According to many Iranian intellectuals who had been in prison in Iran and subjected to the previous methods of forced “confessions”, what Mr. Jahanbaglou told ISNA is “exactly the same thing he would have said in a televised confession. The difference is that what he did is, in the view of the new men in charge of the dissidents, this kind of “instant interview” is more convincling.

“But Mr. Jahanbaglou’s interview does not fool anyone”, said Mr. Ali Keshtgar, the Editor of the monthly “Mihan” magazine in Paris, in an article entitled: “What the Evin University Did With Mr. Jahanbaglou?”, a reference to the authorities that call the notorious Evin prison as a “university”.

Voluntary Interviews Instead Of Forced TV Confessions-Body-2

“I used to write articles about Iran and the Middle East in some Web sites which I was not aware were linked to intelligence services. I was sliding gradually, from what I thought was intellectual researches and works to what it was really: political activities against the interests of my country”, the philosopher admitted.

“I was not subjected to any physical and mental pressures. My interrogators were polite. They told me that I had contacts with such and such and I told them yes. They asked me if I thought I was acting against national interests, and I said I was acting against national interests… I was arrested for having ties to U.S. organizations”, Mr. Jahanbaglou added.

Continuing relentlessly, as ISNA put it, Mr. Jahanbaglou said: “I had ties to American organizations from 2001 to 2006. In fact, one particular organization, which offers scholarships and organizes events, invited me to some of its conferences. There I came into contact with some U.S. State Department officials as well as others. At some of the conferences I attended there were a number of American and Zionist intelligence agents. These contacts continued until finally, in one of my trips to attend a conference in Europe, I met a former advisor to Clinton who was also the head of the German Marshall Fund”.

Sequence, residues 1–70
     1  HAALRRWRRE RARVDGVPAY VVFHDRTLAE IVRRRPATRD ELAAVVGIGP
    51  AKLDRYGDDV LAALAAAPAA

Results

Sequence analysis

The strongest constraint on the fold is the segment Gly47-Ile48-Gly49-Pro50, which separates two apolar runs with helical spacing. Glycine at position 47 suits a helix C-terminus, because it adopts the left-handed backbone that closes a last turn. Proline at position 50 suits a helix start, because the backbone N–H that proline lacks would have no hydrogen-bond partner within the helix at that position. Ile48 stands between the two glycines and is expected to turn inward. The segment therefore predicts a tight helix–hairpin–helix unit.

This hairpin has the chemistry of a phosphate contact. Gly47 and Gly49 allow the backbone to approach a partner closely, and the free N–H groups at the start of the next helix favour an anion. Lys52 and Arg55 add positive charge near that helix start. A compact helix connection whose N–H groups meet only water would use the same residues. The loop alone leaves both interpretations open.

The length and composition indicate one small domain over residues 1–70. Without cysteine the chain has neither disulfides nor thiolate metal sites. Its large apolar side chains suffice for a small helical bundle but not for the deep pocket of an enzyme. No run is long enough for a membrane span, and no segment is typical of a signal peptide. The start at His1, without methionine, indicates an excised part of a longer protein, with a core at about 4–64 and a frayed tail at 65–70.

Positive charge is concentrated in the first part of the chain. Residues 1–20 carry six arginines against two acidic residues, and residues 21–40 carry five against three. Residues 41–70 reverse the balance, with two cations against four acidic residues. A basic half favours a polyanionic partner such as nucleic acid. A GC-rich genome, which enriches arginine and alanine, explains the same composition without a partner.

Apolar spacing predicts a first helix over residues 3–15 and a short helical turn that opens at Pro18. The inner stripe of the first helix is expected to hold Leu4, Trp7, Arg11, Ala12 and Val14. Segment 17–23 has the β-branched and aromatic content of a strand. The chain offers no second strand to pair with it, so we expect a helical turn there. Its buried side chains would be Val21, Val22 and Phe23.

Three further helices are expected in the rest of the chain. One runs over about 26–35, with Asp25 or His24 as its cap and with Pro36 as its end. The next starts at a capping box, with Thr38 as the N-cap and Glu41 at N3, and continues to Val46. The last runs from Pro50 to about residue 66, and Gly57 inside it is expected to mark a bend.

"They (the Americans) take various NGO members abroad to educate them. Recently, some people have been officially invited to be trained in the U.S. under the pretext of attending scientific seminars or for business or employment. The initial financial assistance given to them is not enough to arouse the suspicion that they have been invited to be trained as spies", Mr. Mohseni Ezhe’i had claimed during his press conference about the reasons behind Mr. Jahanbaglou’s arrest.

“My arrest had to do with “velvet revolutions”, explained the scholar, “and there were concerns about the people that I had invited to Iran. The German Marshall Fund had proposed a grant for a comparative research project on the role of Eastern European intellectuals and civil society in bringing down communism. The problem was to find ways of empowering intellectuals and non-governmental organizations in Iran”.